Stamped for Life
Defying the Samurai code of honor, Chiune Sugihara risked everything to save Jewish lives.
When Hitler invaded Poland in 1939, Polish Jewry was trapped between two beasts, the Nazis to the West and the Communists to the East. On one side was certain death, on the other was spiritual destruction. There was nowhere to turn. As darkness set upon the European continent, the sun began to dawn in a far away land, where no one ever would have expected – Japan, the land of the rising sun.
Polish and Lithuanian Jews sought to escape across the barren Soviet wasteland to the Far East. Underneath the Nazis' very nose, thousands of Jews took refuge in Japan, amongst the Nazis' own allies. How did they make it through the iron curtain to safety? As many as 10,000 Jews owe their salvation to the actions of one man and his wife, who defied everything but their own morals to save lives.
Rebel with a Cause
Chiune Sugihara was born on January 1, 1900, in Yaotsu, a rural area in Japan, into a middle class samurai family. Although the samurai clans put great emphasis on honor and tradition, Chiune was a rebel for most of his life. Instead of following in his father's footsteps and becoming a doctor, he deliberately failed the medical school entrance examination and instead pursued a degree in English literature with a hope to someday travel abroad. The Japanese Foreign Ministry eventually recruited him to serve as Foreign Minister in Manchuria in 1918 where he met with great success.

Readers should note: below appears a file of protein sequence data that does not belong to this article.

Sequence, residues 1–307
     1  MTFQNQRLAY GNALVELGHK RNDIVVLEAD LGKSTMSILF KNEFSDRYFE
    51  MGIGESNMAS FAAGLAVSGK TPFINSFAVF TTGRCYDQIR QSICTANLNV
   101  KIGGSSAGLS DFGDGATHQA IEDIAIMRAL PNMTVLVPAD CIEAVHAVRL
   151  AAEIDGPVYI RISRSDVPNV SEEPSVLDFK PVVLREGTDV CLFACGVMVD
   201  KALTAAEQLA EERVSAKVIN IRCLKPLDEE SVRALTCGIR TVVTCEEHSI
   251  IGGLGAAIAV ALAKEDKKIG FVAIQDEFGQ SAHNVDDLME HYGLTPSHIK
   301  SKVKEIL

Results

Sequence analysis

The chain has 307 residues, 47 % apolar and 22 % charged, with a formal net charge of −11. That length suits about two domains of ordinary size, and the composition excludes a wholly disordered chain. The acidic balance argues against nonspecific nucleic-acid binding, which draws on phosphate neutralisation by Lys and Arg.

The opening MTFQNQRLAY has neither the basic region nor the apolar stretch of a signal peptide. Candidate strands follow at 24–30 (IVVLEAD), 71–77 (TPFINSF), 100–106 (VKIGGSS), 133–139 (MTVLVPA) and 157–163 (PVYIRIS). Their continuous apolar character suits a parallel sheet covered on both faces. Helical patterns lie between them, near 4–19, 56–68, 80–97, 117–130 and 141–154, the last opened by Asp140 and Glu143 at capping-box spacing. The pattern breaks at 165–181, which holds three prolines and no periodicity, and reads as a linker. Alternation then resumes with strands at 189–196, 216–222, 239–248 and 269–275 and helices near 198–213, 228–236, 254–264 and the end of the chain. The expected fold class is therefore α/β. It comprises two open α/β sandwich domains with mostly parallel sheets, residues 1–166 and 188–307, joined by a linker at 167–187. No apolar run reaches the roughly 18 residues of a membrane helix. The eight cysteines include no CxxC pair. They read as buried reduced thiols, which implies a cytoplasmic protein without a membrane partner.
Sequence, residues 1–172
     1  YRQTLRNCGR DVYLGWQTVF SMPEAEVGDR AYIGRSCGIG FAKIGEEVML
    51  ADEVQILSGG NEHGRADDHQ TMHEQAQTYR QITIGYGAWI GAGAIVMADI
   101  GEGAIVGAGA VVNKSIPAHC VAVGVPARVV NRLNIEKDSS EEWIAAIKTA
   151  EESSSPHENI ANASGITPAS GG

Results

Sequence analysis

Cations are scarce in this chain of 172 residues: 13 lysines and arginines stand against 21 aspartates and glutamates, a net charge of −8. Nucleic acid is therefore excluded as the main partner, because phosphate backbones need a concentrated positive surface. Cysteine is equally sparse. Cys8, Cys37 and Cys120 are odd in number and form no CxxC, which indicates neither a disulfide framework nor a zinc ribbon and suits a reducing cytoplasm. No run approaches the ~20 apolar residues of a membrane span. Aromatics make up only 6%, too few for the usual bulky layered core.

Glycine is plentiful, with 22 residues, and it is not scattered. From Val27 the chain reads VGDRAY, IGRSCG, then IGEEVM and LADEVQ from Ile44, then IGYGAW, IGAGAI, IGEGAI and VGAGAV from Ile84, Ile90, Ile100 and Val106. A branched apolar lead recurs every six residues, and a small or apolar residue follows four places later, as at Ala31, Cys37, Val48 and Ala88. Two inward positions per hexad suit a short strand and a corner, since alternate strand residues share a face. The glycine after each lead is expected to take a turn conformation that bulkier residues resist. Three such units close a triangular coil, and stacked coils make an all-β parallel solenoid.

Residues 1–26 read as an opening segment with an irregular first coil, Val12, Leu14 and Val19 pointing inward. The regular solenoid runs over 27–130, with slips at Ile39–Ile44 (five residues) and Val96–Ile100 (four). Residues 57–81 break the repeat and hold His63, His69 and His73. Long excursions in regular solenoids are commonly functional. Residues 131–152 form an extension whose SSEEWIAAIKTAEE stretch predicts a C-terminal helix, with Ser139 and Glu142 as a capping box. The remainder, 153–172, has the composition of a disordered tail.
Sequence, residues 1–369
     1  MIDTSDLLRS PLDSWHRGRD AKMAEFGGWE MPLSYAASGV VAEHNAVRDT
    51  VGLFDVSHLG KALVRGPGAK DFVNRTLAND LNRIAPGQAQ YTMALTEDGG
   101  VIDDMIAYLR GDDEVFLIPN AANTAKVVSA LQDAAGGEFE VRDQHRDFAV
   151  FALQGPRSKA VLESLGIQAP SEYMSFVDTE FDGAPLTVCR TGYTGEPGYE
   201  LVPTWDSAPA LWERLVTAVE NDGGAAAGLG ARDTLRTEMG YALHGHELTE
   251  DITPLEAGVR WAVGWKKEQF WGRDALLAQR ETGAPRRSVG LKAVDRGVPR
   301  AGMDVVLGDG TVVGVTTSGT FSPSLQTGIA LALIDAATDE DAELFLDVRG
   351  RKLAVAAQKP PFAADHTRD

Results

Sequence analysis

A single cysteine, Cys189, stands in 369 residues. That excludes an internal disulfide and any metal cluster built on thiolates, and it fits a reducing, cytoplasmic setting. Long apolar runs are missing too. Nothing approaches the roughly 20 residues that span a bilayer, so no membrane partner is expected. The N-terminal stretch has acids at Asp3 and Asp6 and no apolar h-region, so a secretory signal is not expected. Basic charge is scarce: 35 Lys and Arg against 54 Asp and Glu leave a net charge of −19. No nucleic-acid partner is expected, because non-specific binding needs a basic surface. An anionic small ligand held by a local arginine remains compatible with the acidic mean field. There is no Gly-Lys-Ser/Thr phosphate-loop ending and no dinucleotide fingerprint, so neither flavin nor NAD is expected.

While in Manchuria, Chiune became fluent in Russian and German and ended up converting to Orthodox Christianity. Despite his success, Chiune quit his post in Manchuria in protest over Japanese mistreatment of Chinese locals. In 1935, he returned to Japan, where he married Yukiko Kikuchi and together they had four sons.
In 1939, he became a vice-consul of the Japanese Consulate in Kaunas, Lithuania. When Russia took over Lithuania in 1940, annexing it to the Soviet Union, thousands of Jewish refugees attempted to obtain exit visas to escape the iron grip of Communism; they knew full well that if they remained behind, they would either be forced to give up their Torah lifestyle or be shipped off to the dreaded Siberia. Furthermore, everyone knew that it was just a matter of time before Hitler broke his pact with Stalin and began his conquest of the Soviet Union. The refugees included several of the most prestigious yeshivas of Europe as well as many of the leading Rabbis of the time.
Leaving the Soviet grasp was not easy. The Soviets would only issue an exit visa to people possessing an entrance visa to a foreign country however it was almost impossible to find a foreign consulate who would grant such a visa. It was now Chiune Sugihara's moment to enter the stage.